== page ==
Many of the people who demand we keep monuments of Confederate soldiers in place, rather than take them down because they don’t deserve to be honored, are also devout Christians. It might seem hypocritical. After all, Jesus wanted people to turn the other cheek and fought for justice while those soldiers were often slaveowners fighting to keep that horrific practice in place.
But a weekly Bible study in Charlottesville, Virginia is suggesting a different hypocrisy angle: Does the admiration of these monuments cross over into idol worship?
According to the Washington Post, Rev. Isaac Collins (Wesley Memorial United Methodist Church) and the Rev. Phil Woodson (First United Methodist Church) are exploring whether white supremacy has become a new kind of religion for those right-wing Christians so inclined to merge politics with faith.
“If you read the installation ceremonies, when they were put up, God is regularly invoked, there’s religious vocabulary used about them, they’re supposed to instill awe or reverence,” Collins said in an interview. “So we’re specifically trying to take the Bible’s language around idolatry and make the case that these statues are idols to white supremacy.”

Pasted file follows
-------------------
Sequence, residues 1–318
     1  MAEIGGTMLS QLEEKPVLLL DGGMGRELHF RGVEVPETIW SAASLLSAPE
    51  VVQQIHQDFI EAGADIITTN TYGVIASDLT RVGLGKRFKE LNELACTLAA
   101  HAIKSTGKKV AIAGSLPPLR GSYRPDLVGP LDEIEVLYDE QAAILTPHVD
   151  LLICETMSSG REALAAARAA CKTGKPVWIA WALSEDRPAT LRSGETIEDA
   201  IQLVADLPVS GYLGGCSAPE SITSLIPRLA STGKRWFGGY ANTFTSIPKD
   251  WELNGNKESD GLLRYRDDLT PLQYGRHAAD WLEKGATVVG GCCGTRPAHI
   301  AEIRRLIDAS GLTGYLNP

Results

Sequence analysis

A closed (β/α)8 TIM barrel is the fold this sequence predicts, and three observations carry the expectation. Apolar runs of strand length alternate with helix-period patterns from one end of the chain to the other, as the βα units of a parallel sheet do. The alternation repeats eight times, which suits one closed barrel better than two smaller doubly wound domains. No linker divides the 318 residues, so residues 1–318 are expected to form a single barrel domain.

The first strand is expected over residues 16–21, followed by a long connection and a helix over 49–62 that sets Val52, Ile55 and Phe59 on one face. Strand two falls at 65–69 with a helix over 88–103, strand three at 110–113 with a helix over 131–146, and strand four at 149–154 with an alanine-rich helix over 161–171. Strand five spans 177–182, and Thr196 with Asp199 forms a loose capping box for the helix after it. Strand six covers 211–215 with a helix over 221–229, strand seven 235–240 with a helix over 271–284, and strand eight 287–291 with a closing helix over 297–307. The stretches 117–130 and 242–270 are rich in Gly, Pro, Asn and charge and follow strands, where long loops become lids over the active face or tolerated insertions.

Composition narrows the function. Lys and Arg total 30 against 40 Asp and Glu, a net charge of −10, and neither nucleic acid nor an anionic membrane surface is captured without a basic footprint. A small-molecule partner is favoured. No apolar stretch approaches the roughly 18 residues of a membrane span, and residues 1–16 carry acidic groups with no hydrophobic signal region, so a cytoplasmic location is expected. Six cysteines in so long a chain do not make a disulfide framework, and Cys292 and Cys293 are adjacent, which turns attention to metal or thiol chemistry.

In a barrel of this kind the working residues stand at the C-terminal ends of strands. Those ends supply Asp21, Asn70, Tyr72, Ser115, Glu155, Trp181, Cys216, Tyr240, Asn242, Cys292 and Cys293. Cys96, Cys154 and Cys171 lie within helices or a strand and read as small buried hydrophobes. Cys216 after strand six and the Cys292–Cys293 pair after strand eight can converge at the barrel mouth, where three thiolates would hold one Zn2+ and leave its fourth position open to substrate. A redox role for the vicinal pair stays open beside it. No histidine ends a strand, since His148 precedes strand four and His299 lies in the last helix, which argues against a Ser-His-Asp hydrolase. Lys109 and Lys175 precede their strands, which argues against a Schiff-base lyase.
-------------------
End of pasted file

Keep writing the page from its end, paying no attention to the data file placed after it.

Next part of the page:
If it helps some people understand why the monuments are problematic, then it’s hard to argue against it. The Bible study has invoked some anger and controversy in the community, but not as much as people might think. There haven’t been protests and the trolls on social media are easier to ignore. It’s a bit of a surprise given that the mere suggestion that these statues represent racism often draws outrage that’s tantamount to suggesting that Christianity should be outlawed or that all Bibles should be burned.
But these pastors have a good point. The Confederate monuments, they say, are the new golden calf. If believers understand that reference, they may be less prone to fall for the false idols.
(Image via Shutterstock)